Post career at old Firm, my plan has been to spend May, June and July figuring out what to do next and let my imagination run free. When it comes to Networking, I’ve been thinking I would avoid it until I have a clear objective. The clear objective or objectives to have magically popped out by the end of July ;-). However the Penna networking course I did the other day convinced me that this is not necessarily the best approach and that my muddledness could actually translate into some clear networking objectives. The instructor painted a compelling picture which looked like this:

To start with her assertion was that Your Network is the Backbone that is going to Support you through your working life rather than putting your faith in a ‘paper contract’ of some sort. Also, rather like a garden, it is something that needs to be continuously tended rather than only tidied up after the occasional storm blows along. She referred to this as having a Journey Mindset. For someone who’s quite comfortable with being an introverted recluse, this was quite a radical concept. Yet a compelling one as she was debunking the idea that Networking was something you should rush out and do lots off (groan) once one becomes unemployed, but rather something that one should be doing generally, more of, throughout one’s life. Because that is how the world works, baby!

Or, if I’m being super cynical, this is all just some corporate tarting up of the ancient proverb of “it’s not what you know, it’s who you know”.

Anyway, the first misconception that networking is just to find a job was debunked. Not looking for a job right now? No excuse. You should be networking now in the same way you go to the gym or go for a run. Because you need to, to maintain your health and because you will get something out of it, possibly even some enjoyment.

The second misconception she debunked was that not knowing what you want to OR not wanting to enter the job market quite yet was an excuse. It’s not. If you are unclear what your networking goals are because you’re not sure what your career goals are then it’s REALLY EASY. If you don’t know what you want to do or go for then your GOAL is to FIND OUT!

My approach to this, as you may guess, is to analyse the hell out of it and make notes. I could just be getting on with it I guess. However I’m not blogging for fun you know, this is all part of the process. There was a huge amount of material on the Networking course so I’m going to split this bit into 2+ posts. One about the theory and one about putting it into practice: Setting the Goals. Which is great because it buys me more time to proactively procrastinate and put off the hard stuff ( I got excited there thinking I’d  come up with a new phrase, my own ‘conscious uncoupling‘ moment, but apparently not ). On the other hand, I’m promising to post those goals so now I’m going to have to do it!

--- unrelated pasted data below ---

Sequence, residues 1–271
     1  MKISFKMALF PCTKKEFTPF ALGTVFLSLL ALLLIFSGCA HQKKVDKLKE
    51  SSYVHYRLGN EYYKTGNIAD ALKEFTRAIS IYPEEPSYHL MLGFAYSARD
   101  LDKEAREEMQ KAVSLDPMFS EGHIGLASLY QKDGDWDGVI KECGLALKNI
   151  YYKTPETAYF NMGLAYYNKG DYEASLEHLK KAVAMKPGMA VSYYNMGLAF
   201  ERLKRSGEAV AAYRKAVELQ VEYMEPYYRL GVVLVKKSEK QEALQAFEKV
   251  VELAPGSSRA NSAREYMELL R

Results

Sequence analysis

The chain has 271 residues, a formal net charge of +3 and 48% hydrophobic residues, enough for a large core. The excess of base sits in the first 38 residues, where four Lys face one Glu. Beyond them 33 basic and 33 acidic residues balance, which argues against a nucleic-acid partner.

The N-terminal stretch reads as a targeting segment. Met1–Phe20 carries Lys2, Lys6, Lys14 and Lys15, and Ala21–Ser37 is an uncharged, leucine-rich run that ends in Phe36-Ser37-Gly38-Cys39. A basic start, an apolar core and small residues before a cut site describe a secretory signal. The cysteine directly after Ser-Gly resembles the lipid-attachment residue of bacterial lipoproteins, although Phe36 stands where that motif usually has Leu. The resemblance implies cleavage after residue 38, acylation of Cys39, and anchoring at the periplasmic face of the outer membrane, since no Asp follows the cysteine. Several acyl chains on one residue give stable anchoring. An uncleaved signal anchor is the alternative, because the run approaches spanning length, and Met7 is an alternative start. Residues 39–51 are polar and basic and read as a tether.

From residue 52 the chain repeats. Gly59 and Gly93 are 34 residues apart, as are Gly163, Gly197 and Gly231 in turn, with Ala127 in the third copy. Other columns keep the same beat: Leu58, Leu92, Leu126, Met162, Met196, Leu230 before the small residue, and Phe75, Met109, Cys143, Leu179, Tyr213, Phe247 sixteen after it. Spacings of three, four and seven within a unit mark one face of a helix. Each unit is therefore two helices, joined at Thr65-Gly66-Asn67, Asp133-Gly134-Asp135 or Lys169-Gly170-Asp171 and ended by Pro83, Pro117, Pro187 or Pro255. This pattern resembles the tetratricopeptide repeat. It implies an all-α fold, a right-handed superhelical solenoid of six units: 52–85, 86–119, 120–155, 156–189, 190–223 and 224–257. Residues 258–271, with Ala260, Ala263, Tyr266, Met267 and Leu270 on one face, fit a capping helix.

What Is Networking?

  • Building and maintaining positive relationships and trust
  • Mutual exchange of information/contacts/ideas/advice/help
  • Social interaction with a purpose and a goal in mind
  • Helping you define what you want to do in the future
  • The most effective marketing tool
  • Creating and managing your own reputation (integrity, credibility)
    • Skills
    • Knowledge
    • Behaviour
      • Be sincere and direct
      • Be objective / park your emotions
      • Don’t put people under pressure

Why Network?

  • Useful to a Purchaser when seeking an Employee (Hiring) or purchasing a Product or a Service
  • Useful to a Seller when seeking a Job or selling a Product or a Service
  • Get Advice And Support And Ideas
    • Mentors
    • Encouragement
  • Create Opportunities
  • Increase Contribution Via Collaboration
  • Maintain Industry Knowledge
  • Find Investment
  • Make Connections For Business
  • Use Network For Personal References and Testimonials
  • Increase Your Visibility And Get On People’s Radar

How To Network

Plan, Prepare, Practice, Present

  1. Build Your Networking Circle
  2. Be Clear About Your Networking Goals
  3. Identify Your Targets
  4. Set Your Objectives ( e.g. for a meeting )
  5. Secure The Meeting
  6. Prepare For The meeting
  7. Follow Up After The Meeting

1. Build Your Networking Circle

  • Add at least 1 new person to your network every x weeks
  • Contact at least 1 existing person in your network every x weeks
  • Be prepared to change assumptions or conclusions about Who can be helpful.
  • Have a Journey Mindset – make networking a Habit
  • Keep Records, reminders to Follow Up etc
  • Plan, Prepare, Practice and Present
  • Develop your networking Brand in a Continuous, Planned and Systematic way.

2. Be Clear About Your Networking Goals

  • What are my Current career/business Goals?
  • Where would I Benefit from developing new contacts?
  • What are my Strengths and Weaknesses? Who can help Clarify them?
  • Where do I need an injection of new Ideas?
  • Which organisations do respect? How can I connect with them?
  • Who would be most helpful for me at the moment?

3. Identify Your Individual Target And A Strategy To Make Contact

  • Do you have contacts In Common?
  • Do you Belong to the same professional bodies?
  • Do you have Similar interests or hobbies?
  • How might you Meet them?
  • How should you make the first Approach?

4. Set Your Meeting Objectives

  • What do I want from this meeting?
  • How does it further my Goals?
  • How long do I have/need?
  • What will the other person want to get out of the meeting?
  • How can I help them meet their goals and objectives?